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Other ISAs
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  1. Other ISAs • Next, we discuss some alternative instruction set designs. • Different ways of specifying memory addresses • Different numbers and types of operands in ALU instructions • End with fractional representations • Fixed-point • Floating-point Other ISA's

  2. Addressing modes • The first instruction set design issue we’ll see are addressing modes, which let you specify memory addresses in various ways. • Each mode has its own assembly language notation. • Different modes may be useful in different situations. • The location that is actually used is called the effective address. • The addressing modes that are available will depend on the datapath. • Our simple datapath only supports two forms of addressing. • Older processors like the 8086 have zillions of addressing modes. • We’ll introduce some of the more common ones. Other ISA's

  3. Immediate addressing • One of the simplest modes is immediate addressing, where the operand itself is accessed. LD R1, #1999 R1  1999 • This mode is a good way to specify initial values for registers. • We’ve already used immediate addressing several times. Other ISA's

  4. Direct addressing • Another possible mode is direct addressing, where the operand is a constant that represents a memory address. LD R1, 500 R1  M[500] • Here the effective address is 500, the same as the operand. • This is useful for working with pointers. • You can think of the constant as a pointer. • The register gets loaded with the data at that address. Other ISA's

  5. Register indirect addressing • We already saw register indirect mode, where the operand is a register that contains a memory address. LD R1, (R0) R1  M[R0] • The effective address would be the value in R0. • This is also useful for working with pointers. In the example above, • R0 is a pointer, and R1 is loaded with the data at that address. • This is similar to R1 = *R0 in C or C++. • So what’s the difference between direct mode and this one? • In direct mode, the address is a constant that is hard-coded into the program and cannot be changed. • Here the contents of R0, and hence the address being accessed, can easily be changed. Other ISA's

  6. Stepping through arrays • Register indirect mode makes it easy to access contiguous locations in memory, such as elements of an array. • If R0 is the address of the first element in an array, we can easily access the second element too: LD R1, (R0) // R1 contains the first element ADD R0, R0, #1 LD R2, (R0) // R2 contains the second element • This is so common that some instruction sets can automatically increment the register for you: LD R1, (R0)+ // R1 contains the first element LD R2, (R0)+ // R2 contains the second element • Such instructions can be used within loops to access an entire array. Other ISA's

  7. Indexed addressing • Operands with indexed addressing include a constant and a register. LD R1, 500(R0) R1  M[R0 + 500] • The effective address is the register data plus the constant. For instance, if R0 = 25, the effective address here would be 525. • We can use this addressing mode to access arrays also. • The constant is the array address, while the register contains an index into the array. • The example instruction above might be used to load the 26th element of an array that starts at memory location 500. • It’s possible to use negative constants too, which would let you index arrays backwards. Other ISA's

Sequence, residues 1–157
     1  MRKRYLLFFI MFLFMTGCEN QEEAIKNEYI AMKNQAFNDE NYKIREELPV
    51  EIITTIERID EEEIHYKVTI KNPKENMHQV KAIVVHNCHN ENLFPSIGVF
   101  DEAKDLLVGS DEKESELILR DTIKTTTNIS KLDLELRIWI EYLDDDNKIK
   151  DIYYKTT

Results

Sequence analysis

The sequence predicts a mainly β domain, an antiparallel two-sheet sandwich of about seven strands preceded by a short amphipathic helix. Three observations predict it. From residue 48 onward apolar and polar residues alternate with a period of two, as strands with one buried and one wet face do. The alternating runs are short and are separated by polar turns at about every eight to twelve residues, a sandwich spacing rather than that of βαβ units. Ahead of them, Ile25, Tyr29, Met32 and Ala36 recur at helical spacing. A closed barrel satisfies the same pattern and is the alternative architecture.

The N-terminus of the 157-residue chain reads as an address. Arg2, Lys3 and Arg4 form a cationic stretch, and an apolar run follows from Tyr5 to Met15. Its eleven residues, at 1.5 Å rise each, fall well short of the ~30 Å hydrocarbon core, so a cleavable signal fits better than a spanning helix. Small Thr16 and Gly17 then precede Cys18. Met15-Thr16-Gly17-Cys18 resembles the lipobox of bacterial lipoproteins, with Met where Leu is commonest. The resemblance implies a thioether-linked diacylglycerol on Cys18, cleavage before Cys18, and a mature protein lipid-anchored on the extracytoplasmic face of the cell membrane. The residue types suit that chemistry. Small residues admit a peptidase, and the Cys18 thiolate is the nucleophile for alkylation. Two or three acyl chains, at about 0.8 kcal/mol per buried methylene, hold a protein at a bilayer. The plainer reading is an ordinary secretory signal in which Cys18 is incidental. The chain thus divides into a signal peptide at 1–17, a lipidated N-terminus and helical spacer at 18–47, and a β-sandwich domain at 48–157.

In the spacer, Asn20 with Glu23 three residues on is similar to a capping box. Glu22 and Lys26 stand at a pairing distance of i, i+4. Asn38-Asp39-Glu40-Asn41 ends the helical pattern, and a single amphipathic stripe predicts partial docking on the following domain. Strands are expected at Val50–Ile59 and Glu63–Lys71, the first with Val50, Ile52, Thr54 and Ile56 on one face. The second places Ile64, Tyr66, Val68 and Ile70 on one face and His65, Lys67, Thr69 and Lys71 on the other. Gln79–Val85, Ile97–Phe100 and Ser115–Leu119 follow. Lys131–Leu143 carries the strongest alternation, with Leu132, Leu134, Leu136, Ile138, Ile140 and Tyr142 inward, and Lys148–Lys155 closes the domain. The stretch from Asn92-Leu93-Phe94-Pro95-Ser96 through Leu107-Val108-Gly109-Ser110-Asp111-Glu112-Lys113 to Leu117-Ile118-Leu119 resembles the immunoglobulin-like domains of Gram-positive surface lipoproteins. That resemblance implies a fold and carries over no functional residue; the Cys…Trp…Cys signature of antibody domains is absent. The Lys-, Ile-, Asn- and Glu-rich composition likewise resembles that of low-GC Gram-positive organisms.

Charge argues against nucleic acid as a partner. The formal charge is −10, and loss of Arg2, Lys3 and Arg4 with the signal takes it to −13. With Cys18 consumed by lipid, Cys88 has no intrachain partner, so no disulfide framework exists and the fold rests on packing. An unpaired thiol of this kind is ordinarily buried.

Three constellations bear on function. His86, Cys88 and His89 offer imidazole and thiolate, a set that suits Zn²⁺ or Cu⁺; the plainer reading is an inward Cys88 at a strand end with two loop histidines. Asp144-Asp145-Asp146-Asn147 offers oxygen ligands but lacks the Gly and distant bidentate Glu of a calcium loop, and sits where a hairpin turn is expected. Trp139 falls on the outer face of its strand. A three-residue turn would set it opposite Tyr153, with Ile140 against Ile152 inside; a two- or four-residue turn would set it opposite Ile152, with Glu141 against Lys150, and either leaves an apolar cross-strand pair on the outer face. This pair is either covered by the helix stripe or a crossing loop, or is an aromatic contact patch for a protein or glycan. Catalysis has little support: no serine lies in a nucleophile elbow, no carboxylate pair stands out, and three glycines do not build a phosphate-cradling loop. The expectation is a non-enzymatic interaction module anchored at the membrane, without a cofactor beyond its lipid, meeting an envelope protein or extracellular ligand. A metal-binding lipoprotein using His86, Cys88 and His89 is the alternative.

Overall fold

8. PC-relative addressing • We’ve seen PC-relative addressing already. The operand is a constant that is added to the program counter to produce the effective memory address. 200: LD R1, $30 R1  M[201 + 30] • The PC usually points to the address of the next instruction, so the effective address here is 231 (assuming the LD instruction itself uses one word of memory). • This is similar to indexed addressing, except the PC is used instead of a regular register. • Relative addressing is often used in jump and branch instructions. • For instance, JMP $30lets you skip the next 30 instructions. • A negative constant lets you jump backwards, which is common in writing loops. Other ISA's

  9. Indirect addressing • The most complicated mode that we’ll look at is indirect addressing. LD R1, [360] R1  M[M[360]] • The operand is a constant that specifies a memory location which refers to another location, whose contents are then accessed. • The effective address here is M[360]. • Indirect addressing is useful for working with multi-level pointers, or “handles.” • The constant represents a pointer to a pointer. • In C, we might write something like R1 = **ptr. Other ISA's

  10. Addressing mode summary Other ISA's

  11. Register transfer instruction: R0  R1 + R2 operation ADDR0, R1, R2 destination sources operands Number of operands • Another way to classify instruction sets is according to the number of operands that each data manipulation instruction can have. • Our example instruction set had three-address instructions, because each one had up to three operands—two sources and one destination. • This provides the most flexibility, but it’s also possible to have fewer than three operands. Other ISA's

  12. Register transfer instruction: operation R0  R0 + R1 ADDR0, R1 source 2 operands destination and source 1 Two-address instructions • In a two-address instruction, the first operand serves as both the destination and one of the source registers. • Some other examples and the corresponding C code: ADD R3, #1 R3  R3 + 1 R3++; MUL R1, #5 R1  R1 * 5 R1 *= 5; NOT R1 R1  R1’ R1 = ~R1; Other ISA's

  13. Register transfer instruction: operation source ACC  ACC + R0 ADDR0 One-address instructions • Some computers, like this old Apple II, have one-address instructions. • The CPU has a special register called an accumulator, which implicitly serves as the destination and one of the sources. • Here is an example sequence which increments M[R0]: LD (R0) ACC  M[R0] ADD #1 ACC  ACC + 1 ST (R0) M[R0]  ACC Other ISA's